Pushing the Sky Away
by Ian Cordingley
Table of Contents|
parts: 1, 2, 3
Father and two others came for Blair that night. Tom was awakened by a shout. Someone — Blair — was shouting, trying hard to keep his shout from becoming a scream. Tom cast the ragged, stinky blanket off and ran out from under the tarp.
His father and two men were pinning Blair to the ground.
“Hand or eyes?” one of the men yelled.
“Hand,” Father replied. “Eyes.”
Blair was forced onto his back. His legs were flailing, catching a man in the face. His free left foot rammed hard into the stunned man’s face. It was hard enough for the man to yelp and stagger back, hand on his face. His companion was bellowing for him to ignore it and to help him.
Blair’s foot was still free and wild. One of the men grabbed it. The man he had struck, his face a bloody mess, hammered Blair’s abdomen. Blair moaned, going limp, and dragged into a serviceable position.
Father dug his heel into Blair’s side. In his hand was the knife.
“No,” Tom yelled. Strong hands grabbed him before he made it to his father. Tom was pulled off his feet, each of his hands restrained at the wrists. He was being dragged back to his tent. Tom struggled, beginning to work his way free.
“Back,” Father demanded. He pointed his knife at his son, gesturing with it for his son to return to bed. “Go back!”
“Leave him alone!”
“We need the water, boy! Do as you’re told!”
Tom paused a moment. Blair had stopped squirming. For a moment he looked hopeful the situation could be resolved without harm.
“We need the water!” Father roared. “We need it more than he needs to live!”
“Stop!” Diana was racing out of her shack.
Father ignored her. He grabbed Blair’s right hand and slashed with the knife. Blair yelped. The cut had been shallow, and the blade not sharp enough to slice through his skin. Enough for a thin sliver of blood to form and drip down his arm.
“You will not harm him! Not for all the water in the sky!”
“We will have his water,” Father said.
“No.” One simple word, spoken coldly, worse than a fist to the face.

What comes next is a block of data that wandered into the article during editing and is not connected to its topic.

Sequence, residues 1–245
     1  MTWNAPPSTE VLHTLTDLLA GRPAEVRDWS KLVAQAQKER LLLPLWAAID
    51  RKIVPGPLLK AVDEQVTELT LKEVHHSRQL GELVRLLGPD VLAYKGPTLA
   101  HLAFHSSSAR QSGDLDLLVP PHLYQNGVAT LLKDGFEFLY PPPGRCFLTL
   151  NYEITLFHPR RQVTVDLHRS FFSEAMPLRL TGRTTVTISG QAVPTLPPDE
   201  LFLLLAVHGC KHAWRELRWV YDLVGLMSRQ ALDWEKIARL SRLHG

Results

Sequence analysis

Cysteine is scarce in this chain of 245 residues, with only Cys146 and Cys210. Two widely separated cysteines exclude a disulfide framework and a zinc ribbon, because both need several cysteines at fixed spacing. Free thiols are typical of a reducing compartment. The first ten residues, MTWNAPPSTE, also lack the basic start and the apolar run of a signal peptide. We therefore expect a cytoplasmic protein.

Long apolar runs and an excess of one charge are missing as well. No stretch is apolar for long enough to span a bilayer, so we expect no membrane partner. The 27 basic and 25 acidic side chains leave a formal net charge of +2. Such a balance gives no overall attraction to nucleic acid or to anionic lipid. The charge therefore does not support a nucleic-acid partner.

She strode over, grabbing Father by his knife hand.
Father rose to his feet, his other hand flat. Diana’s eyes were fierce; he would not slap the fire out of her. He stared bitterly at her and stomped off back to his tent.
Blair nursed his hurt hand. The man holding Tom released him.
Diana knelt down next to Blair. He turned away from her.
“Let me help,” she said.
Tom nodded at him.
“All right,” he said, the two helping him to his feet. Reluctantly he followed her into the medical tent.
* * *
“I’m sorry for what happened,” Diana said, “but...”
“Don’t start,” Blair moaned. He had stripped off his shirt and was lying on a stretcher while Diana and another medic tended to his wounds.
“They’re desperate and they’ve been abused for so long.”
Blair tried to stand up. Diana pushed him back down. She gripped his hand while his wrist was being stitched up. A bandage to cover his wound was still being wrapped around his stitches. Blair grimaced; they had not been liberal with painkillers.
“Yes,” Blair said. “I am a wicked man. Are you happy now?”
“Just worried for you.”
“Worried for my soul?”
Diana did not respond to that comment. “You’re lucky,” she said. “It came close to severing the artery. I was worried you might lose motor control. You’re lucky it was so shallow.”
Blair grunted. He winced as the job was completed.
“What are you doing out here?” he asked. He could intuit she wasn’t part of the group. Of course, Blair had thoughts of what the answer could be. They need help because some higher power wants me to, there’s a guy into this sort of thing who’s hot — which one is correct?
“They’re a deprived people.”
“I’m not?” he asked. “I’m just a privileged city dweller? I dump water just for kicks and laugh at their misfortunes?
She said nothing. Blair smirked; Diana was exactly what he thought she would be. Quiet and self-righteous. Judgmental. Hating him for existing.